An increase in proliferation of crypt cells, coupled with a decrease in apoptosis, increases the villus height and a total increase in DNA, RNA, and protein content. Proliferation therefore requires a supply of polyamines, putrescine, spermidine, and spermine, which are organic cations, influencing DNA, RNA, and tissue synthesis.33 Nutrient and non-nutrient factors are purported to have a role in intestinal epithelial cell turnover in both steady state conditions and after extensive resection.

NUTRIENT FACTORS INVOLVED IN ADAPTATION

Amino acids

Enteral feeding is the primary source of amino acids for intestinal tissue as, apart from glutamine, there is little or no arterial uptake of any amino acids.34 Glutamine, rather than glucose, is the major fuel for mitochondrial respiration in enterocytes.35 Glutamine is used for protein synthesis either directly or as a result of catabolic pathways.

Within 24 hours of 80% small bowel resection in the rodent, glutamine and total amino acid uptake per gram of tissue is increased.36 However, with the decrease mass of tissue, overall glutamine consumption in the long term is less than controls37 and muscle stores of glutamine remain unchanged.38 The addition of glutamine or arginine to enteral feeds after extensive resection does not seem to produce a consistent effect between studies, indeed there is little evidence that either amino acid increases adaptation and some groups have reported lower protein and DNA levels than controls.39–44 Supplementation of enteral feeds with ornithine α ketoglutarate (OKG), the soluble ornithine salt, does seem to have a positive effect on intestinal morphology and mucosal polyamine synthesis.45

Carbohydrates

Luminal enzymes, such as amylase, digest polysaccharide carbohydrate into oligosaccharides and disaccharides. Oligosaccharides and disaccharides are hydrolysed to monosaccharides by intestinal membrane brush border enzymes, such as disaccharidases. Disaccharidase activity increases significantly after resection.42,45

The monosaccharides are absorbed by the enterocyte by facilitative and active dependent transport. Glucose absorption is by sodium dependent transporters both actively, via SLGT 1, and down concentration gradients, via GLUT 2 and GLUT 5.46 The expression of SGLT 1 is transiently increased after experimental resection.15,46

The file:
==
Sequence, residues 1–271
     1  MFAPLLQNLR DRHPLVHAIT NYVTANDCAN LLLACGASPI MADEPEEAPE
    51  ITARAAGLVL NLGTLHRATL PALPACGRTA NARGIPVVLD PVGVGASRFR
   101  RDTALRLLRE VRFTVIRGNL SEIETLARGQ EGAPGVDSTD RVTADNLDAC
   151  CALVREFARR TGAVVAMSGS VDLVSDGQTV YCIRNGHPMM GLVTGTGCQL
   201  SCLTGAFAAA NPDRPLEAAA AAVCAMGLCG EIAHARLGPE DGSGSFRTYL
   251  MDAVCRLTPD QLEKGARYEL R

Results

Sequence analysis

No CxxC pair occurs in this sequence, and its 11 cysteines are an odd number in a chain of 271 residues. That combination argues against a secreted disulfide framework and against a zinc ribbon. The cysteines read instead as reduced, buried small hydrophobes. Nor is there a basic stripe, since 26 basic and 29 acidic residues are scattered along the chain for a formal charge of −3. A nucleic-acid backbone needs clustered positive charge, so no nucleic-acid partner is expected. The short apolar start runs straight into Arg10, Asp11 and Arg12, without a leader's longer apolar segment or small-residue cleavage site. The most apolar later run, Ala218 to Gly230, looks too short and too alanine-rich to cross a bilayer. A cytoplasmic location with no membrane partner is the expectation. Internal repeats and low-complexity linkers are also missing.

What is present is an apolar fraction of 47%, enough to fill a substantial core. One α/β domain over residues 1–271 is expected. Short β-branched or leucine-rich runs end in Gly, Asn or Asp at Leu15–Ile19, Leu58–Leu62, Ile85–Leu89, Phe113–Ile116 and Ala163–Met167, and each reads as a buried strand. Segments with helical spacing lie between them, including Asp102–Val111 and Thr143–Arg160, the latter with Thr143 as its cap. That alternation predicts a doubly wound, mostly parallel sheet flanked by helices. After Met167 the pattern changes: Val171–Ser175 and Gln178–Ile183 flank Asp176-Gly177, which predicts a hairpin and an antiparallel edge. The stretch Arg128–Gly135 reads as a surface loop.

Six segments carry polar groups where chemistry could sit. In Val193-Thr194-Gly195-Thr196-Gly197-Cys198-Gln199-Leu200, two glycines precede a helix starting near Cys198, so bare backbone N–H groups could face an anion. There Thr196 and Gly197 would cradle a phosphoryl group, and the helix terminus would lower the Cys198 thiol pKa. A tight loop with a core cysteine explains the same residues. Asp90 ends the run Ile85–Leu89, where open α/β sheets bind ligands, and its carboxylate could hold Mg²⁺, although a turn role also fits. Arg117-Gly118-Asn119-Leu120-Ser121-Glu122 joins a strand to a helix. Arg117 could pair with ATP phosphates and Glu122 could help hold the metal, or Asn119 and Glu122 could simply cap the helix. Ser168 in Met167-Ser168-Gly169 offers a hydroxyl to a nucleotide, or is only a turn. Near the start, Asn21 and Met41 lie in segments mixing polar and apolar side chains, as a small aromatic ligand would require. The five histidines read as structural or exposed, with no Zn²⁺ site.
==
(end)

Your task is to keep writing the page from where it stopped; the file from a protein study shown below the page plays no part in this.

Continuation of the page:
Short chain fatty acids (SCFA), such as butyrate, are produced by bacterial hydrolysation and fermentation of carbohydrates and proteins that reach the colon undigested. SCFA can be absorbed by colonocytes and provide energy. Complex carbohydrates such as fibre are one such source of SCFA in the diet. Diets high in fibre and butyrate have been shown to increase the content of DNA, RNA, and protein per unit weight of small intestine mucosa after resection in rodents compared with controls.47

In humans, fermentation of non-digested carbohydrate in the colon to SCFA can result in a decrease in luminal pH and an overgrowth in D-lactate producing bacteria, such as Lactobacillus acidophilus, Lactobacillus fermenti, and streptococcus. This may result in D-lactic acidosis,5,48 which presents with non-hepatic encephalopathy, ataxia, dysarthria, and severe metabolic acidosis. Management requires low carbohydrate diets and supportive treatments, such as dialysis.48

Lipids

The main mechanism of lipid absorption is by passive diffusion, although the evidence for protein facilitated transfer is accumulating.49–51 Fatty acid binding protein (I-FABP)52 and fatty acid translocase (FAT/CD36)53,54 are expressed in the intestine and upregulated after resection in rodents.55,56 However, this is not accompanied by the increased intestinal uptake of long chain fatty acids (LCFA).57

Essential fatty acids may be required for optimal adaptation after resection. Rats fed fatty acid deficient diets had reduced mucosal hyperplasia compared with controls.58 However, a low fat normo-caloric diet, reduces but does not abolish the adaptive response.56,59

LCFAs, such as arachiodonic acid and eicosapentaenoic acid also contribute towards the adaptive response.60 Supplementation of the diet with linoleic acid or medhaden oil both produce increases in adaptive changes compared with controls.61,62 LCFA, may exert their effects by arachiodonic acid metabolites such as prostaglandin.60 Inhibition of prostaglandin by administration of aspirin, or cyclo-oxygenase inhibitors only reduces the expected adaptive response of the distal ileum.60,63 Unfortunately, patients with extensive distal small bowel resections have reduced bile salt concentrations in the duodenum as re-absorption normally occurs in the ileum. This leads to a decrease in micellar solubilisation, and malabsorption of LCFA in particular.5

EFFECTS OF PARENTERAL NUTRITION (SEE BOX)